MCE Director Florian Villaumé sent out an email Monday to say the organizers are changing the rules of the competition to channel more development capital into the two strongest participants.
The competition previously gave $10,000 each to three top companies and smaller awards to other entries. For the 2020 version, the first-place entrant will receive $25,000 and the runner-up $10,000.
“Since its inception, the community of Memorial entrepreneurs has grown exponentially, which has resulted in more applicants and different needs for funding,” said Villaumé in an email. “After three years of running the Mel Woodward Cup, we also learned from participants what works and what can be improved.”
The Woodward Cup began three years ago to provide seed funding for student-led businesses, and has become a major event in the St. John’s startup calendar. The prize money comes from funds provided by the family of the late Mel Woodward, a Memorial alumnus and pillar of the Newfoundland and Labrador construction industry.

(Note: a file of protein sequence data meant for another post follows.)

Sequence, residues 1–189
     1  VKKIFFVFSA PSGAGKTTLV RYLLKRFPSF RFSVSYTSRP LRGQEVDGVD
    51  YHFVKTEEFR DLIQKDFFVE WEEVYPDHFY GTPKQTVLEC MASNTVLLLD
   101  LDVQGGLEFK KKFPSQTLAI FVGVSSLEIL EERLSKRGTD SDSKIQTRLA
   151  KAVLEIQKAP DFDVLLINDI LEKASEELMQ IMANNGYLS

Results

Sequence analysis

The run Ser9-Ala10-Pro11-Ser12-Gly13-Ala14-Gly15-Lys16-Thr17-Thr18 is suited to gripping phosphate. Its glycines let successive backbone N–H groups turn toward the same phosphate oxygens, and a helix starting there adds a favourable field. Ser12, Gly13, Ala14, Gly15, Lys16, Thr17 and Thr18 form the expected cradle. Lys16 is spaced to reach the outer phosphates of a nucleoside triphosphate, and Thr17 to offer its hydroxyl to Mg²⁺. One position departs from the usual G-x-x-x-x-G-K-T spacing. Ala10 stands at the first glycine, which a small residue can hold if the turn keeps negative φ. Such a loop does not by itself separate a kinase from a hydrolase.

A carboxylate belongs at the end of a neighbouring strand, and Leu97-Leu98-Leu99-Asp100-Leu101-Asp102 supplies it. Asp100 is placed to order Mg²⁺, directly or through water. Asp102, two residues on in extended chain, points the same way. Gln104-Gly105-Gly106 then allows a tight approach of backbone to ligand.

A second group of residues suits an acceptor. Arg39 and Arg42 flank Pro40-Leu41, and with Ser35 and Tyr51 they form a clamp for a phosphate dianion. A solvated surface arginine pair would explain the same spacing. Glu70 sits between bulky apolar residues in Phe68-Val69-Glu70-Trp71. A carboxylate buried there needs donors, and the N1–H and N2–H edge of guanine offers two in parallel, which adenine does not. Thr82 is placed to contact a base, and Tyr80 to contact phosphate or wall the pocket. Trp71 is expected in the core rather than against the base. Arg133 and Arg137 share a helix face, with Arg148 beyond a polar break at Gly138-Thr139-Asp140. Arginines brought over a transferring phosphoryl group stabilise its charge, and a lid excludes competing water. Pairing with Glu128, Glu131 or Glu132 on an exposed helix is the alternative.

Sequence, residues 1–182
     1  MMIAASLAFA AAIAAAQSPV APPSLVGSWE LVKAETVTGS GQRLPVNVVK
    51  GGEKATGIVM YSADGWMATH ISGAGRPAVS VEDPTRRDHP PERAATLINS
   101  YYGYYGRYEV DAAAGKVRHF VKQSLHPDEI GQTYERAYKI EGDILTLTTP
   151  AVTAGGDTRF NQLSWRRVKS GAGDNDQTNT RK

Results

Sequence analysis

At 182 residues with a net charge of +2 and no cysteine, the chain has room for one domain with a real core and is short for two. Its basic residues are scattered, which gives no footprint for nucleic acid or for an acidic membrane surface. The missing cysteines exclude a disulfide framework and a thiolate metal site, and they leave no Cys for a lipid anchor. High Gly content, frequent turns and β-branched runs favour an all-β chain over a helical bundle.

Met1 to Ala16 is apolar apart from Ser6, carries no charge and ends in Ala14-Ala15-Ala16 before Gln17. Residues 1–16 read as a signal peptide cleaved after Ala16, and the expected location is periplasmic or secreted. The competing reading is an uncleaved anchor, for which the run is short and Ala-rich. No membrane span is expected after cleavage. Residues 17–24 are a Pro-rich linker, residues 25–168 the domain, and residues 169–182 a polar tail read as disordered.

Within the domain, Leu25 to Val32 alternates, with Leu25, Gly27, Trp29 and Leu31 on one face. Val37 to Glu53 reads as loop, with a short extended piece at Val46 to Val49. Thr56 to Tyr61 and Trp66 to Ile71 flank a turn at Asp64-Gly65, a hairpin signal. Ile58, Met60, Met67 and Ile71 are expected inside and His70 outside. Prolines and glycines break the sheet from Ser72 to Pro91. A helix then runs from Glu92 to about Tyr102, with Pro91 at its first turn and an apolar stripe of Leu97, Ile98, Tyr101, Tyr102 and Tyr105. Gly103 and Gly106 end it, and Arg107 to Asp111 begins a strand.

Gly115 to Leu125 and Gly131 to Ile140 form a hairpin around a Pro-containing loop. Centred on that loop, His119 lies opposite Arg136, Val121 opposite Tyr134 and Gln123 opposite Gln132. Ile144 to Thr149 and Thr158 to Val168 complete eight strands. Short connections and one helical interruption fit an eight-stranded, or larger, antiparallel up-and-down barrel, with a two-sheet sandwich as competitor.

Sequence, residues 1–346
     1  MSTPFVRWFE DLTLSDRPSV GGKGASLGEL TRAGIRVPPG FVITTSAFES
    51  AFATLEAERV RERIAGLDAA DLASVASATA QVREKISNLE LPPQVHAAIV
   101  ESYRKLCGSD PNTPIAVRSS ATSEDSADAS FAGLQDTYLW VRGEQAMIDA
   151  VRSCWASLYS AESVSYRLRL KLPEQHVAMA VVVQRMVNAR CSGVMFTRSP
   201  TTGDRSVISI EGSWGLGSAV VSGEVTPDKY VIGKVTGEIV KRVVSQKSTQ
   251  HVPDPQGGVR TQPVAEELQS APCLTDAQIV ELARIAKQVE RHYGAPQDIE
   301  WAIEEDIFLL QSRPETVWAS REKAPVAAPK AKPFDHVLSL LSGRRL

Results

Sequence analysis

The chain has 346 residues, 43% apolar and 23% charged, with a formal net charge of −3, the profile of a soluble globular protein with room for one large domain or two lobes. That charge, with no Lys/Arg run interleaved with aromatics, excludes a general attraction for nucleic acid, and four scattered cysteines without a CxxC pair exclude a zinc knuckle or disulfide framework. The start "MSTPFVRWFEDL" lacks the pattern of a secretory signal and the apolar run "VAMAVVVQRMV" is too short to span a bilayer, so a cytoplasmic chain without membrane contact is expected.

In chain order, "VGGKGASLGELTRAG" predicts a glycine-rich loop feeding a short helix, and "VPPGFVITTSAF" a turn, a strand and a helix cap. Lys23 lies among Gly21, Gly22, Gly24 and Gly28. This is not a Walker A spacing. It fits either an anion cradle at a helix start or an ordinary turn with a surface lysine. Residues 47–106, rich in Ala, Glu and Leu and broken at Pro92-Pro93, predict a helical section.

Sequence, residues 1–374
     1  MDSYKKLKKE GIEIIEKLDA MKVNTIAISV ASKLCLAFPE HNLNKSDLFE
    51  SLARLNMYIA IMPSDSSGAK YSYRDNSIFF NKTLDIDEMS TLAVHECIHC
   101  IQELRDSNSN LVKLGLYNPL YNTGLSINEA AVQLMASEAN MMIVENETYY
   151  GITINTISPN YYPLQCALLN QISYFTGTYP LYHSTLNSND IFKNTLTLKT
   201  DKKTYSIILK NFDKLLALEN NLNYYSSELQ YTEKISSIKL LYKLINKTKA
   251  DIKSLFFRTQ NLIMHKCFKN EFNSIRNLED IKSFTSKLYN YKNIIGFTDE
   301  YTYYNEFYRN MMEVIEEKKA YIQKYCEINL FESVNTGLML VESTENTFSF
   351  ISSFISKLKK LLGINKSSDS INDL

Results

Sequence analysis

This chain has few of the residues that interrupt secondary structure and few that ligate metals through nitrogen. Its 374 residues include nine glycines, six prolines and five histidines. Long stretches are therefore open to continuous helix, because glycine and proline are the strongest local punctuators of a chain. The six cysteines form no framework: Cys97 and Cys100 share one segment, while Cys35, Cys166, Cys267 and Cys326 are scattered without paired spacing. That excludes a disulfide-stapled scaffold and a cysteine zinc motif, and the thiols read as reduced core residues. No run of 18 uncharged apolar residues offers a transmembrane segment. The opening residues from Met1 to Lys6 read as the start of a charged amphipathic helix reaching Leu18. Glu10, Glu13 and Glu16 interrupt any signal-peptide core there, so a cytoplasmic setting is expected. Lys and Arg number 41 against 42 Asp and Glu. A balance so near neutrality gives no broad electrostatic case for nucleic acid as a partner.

Applications are open until March 1, and the pitching competition will be held March 23. You can find more details here.
In the last three years, the entrepreneurial community at the university has evolved, so the Woodward Cup will no longer be open to idea-stage companies. Participants must have a prototype or be in a pilot program, and have actively engaged potential customers.
The MCE suggests idea-stage entrepreneurs look for support from the Ignite Fund, which provides up to $2,000 to aid early-stage business ideas.
The Centre for Entrepreneurship also said Woodward Cup applicants will need to demonstrate a strong commitment to going full-time with their business idea after their graduation.
Past winners of the competition include CoLab Software, which this year was accepted into the Y Combinator accelerator and raised $2.7 million, and BreathSuite, which just raised $550,000.
Last year, three winners received $10,000 each:
- Duff: Ocean Resources, which is developing a way to extract chitin – a material with several biotech applications – from the shells of the invasive species green crab;
- PolyUnity, which uses 3D printers to create high-quality medical simulations and wants to produce these models anywhere in the world;
- And UnBound Chemicals, which is working on a process to extract substances from unwanted medications and re-use them for research or non-human uses.